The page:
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Apr 28, 2004

Police target car breakins

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It’s a growing problem that police say they have no intention of ignoring. And tonight they’ve got an arrest to prove it. News 5′s Jacqueline Woods has the story from the Queen Street station.

Jacqueline Woods, Reporting

Sometime after ten on Monday night someone gained access into this pickup truck by prying open the back window and climbing into the vehicle. Once inside, the thief wasted no time in stealing the stereo system. Such break-ins have become all too common and the police are concerned.

Senior Inspector Santiago Ciau, Officer Commanding C.I.B.

“The statistics are showing that we had eighty-four break-ins, across the city, of motor vehicles and it gives the police work because we then need to implement more patrols, put more manpower on the streets to try and prevent these break?ins.”

A recent incident actually caught on a surveillance tape led police to arrest and charge twenty-six year old Wilwest King for theft and handling stolen goods. During a search of the suspect?s vehicle authorities recovered this laptop computer that belongs to a B.T.L. employee. Since the police initiative began, they have confiscated a variety of stolen items.

Senior Inspector Santiago Ciau

“What I advise is that anything of value must not be left in the vehicle. And if they are left for a short while, then it must be concealed so that whenever a person pass by and peeps inside the vehicle, they will not see anything that will attract them to break into that vehicle.”

While authorities did manage to bust a ring of car thieves, they suspect there are more groups operating in the city.

One group that has consistently aided police anti-crime efforts is The Belize Chinese Association.

Peter Quan, Vice President, B.C.A.

“Crime is an element that attacks everybody in the community. It is not just targeted to the Chinese merchants or the Chinese community, it is to the roots Belizeans, the business community, everybody at large. So, it is only with a united effort that we can help in preventing such crimes, whether it be on a small scale to the highest scale.”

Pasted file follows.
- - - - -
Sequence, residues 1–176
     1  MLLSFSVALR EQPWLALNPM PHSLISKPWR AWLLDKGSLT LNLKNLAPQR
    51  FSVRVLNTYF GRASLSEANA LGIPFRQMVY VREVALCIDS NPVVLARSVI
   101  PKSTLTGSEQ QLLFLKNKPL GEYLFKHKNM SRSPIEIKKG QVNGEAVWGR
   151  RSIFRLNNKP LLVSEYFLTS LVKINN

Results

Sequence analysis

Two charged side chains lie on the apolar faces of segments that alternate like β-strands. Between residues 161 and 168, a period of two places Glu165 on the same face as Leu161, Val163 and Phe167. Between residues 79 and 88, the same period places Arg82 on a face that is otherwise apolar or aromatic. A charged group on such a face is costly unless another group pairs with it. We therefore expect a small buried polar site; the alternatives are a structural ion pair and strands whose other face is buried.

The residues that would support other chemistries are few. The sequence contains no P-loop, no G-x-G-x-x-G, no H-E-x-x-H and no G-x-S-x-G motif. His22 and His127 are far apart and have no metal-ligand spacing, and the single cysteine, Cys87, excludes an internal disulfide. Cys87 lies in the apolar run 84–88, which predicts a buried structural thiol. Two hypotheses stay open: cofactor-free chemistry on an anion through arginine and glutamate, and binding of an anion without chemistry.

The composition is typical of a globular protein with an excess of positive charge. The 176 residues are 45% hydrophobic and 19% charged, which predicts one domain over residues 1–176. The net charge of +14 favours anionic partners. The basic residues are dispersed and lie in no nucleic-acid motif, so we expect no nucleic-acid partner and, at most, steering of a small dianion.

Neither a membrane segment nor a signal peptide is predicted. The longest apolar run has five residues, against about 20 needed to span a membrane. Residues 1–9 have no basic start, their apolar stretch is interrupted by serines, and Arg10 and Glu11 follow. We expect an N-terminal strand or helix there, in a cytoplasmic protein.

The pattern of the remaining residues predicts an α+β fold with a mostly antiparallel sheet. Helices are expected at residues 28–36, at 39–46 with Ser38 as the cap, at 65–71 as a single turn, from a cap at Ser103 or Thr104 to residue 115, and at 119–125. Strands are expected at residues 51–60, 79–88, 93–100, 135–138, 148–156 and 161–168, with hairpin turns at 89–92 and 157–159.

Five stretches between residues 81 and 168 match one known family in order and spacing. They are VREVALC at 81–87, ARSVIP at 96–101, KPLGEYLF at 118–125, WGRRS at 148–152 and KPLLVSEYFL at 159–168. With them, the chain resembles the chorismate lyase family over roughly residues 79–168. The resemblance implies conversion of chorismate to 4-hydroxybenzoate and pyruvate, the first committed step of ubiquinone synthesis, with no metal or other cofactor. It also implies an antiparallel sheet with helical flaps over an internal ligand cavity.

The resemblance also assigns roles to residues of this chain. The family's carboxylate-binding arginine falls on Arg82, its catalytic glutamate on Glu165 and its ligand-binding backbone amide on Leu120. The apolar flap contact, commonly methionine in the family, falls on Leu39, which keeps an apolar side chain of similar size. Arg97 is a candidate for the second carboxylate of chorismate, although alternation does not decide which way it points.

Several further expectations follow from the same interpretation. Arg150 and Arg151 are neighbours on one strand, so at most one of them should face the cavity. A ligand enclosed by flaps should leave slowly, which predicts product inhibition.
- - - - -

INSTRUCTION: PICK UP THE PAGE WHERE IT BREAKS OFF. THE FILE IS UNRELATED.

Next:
This morning B.C.A. handed over to a refurbished police patrol branch a new computer with all accessories. According to Inspector Chester Williams, the Acting Commander of the Patrol Branch, the new look is all part of morale-building.

Inspector Chester Williams, Acting O.C., Patrol Branch

“We want the officers to work in a comfortable environment where they can better serve the community, and likewise, we want when the community come in to the patrol branch that they see a place where they could be comfortable making their reports or whatever the case may be. It?s just a part of providing quality service to the people.”

“The computer itself will be used to create a patrol analysis database whereby we will be able to track the areas where crimes are more prevalent so that we could adequately deploy our men on patrol.”

The police department not only has disciplined officers who have abused their authority, but rewarded officers who have excelled in their duty. Sgt Dennis Myles, who is attached to the Benque Viejo police station, became the fourth police officer to receive such a reward.

Sgt. Dennis Myles, Officer of the Month

“I believe what you put in is what you?re gonna get out of it. If you put in your all, you should expect something good at the end of the day.”

Jacqueline Woods reporting for News 5.

Sgt. Myles has been with the Police Department for twelve years.

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